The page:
It’s a film about a group of hunters who are kidnapped by animal rights activists after they kill a deer in remote Scotland. The film becomes a game of cat and mouse as the hunters become the hunted across the region’s bogs and mountains.
The film was in the style of a documentary reconstructing events of the kidnapping. Form the storytelling point of view this allowed for interview snippets throughout, which meant that background could be fed in carefully. I was unsure whether this style of storytelling would work. I don’t think it would in a lot of situations, but I think it was right for ‘Blooded’.
Given the half ‘horror’ tag and the ‘15’ rating I expected a little more blood and violence which didn’t fully materialise. That doesn’t prevent the film being a very worthy and thought provoking thriller though. The tension is maintained throughout and there were enough twists to keep me hooked. The characters and the situations were very well thought through, rounding those involved. There was also a good amount of conflict and backstory within the kidnapped group without this being overdone.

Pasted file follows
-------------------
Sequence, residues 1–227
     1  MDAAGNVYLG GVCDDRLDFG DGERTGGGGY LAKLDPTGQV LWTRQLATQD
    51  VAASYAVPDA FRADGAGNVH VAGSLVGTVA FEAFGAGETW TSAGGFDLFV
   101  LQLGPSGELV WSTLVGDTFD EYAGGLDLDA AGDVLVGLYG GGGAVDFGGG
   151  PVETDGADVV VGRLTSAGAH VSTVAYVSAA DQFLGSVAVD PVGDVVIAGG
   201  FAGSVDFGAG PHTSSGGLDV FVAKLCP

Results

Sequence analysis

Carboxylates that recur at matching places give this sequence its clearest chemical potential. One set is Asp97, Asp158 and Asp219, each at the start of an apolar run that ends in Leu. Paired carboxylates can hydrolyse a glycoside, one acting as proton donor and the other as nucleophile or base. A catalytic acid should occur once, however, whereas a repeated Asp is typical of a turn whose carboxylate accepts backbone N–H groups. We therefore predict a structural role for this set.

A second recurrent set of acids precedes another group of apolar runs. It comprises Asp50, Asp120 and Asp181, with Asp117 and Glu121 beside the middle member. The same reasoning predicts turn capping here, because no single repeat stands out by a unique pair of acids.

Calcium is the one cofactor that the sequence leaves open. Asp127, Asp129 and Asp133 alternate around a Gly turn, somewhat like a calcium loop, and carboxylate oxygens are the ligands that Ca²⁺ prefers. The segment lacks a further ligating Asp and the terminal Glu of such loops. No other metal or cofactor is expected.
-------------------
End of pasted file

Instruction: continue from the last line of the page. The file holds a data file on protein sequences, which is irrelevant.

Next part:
One very well done element was that the story turned around the obvious plot, making the deer hunters rather than the activists the group that gained viewer sympathy. That is where I think ‘Blooded’ really excelled – I saw the hunting argument from a side that often gets a bad press and I was made to think about the issue well after the film finished.
In summary, a watch that was both gripping and thought-provoking.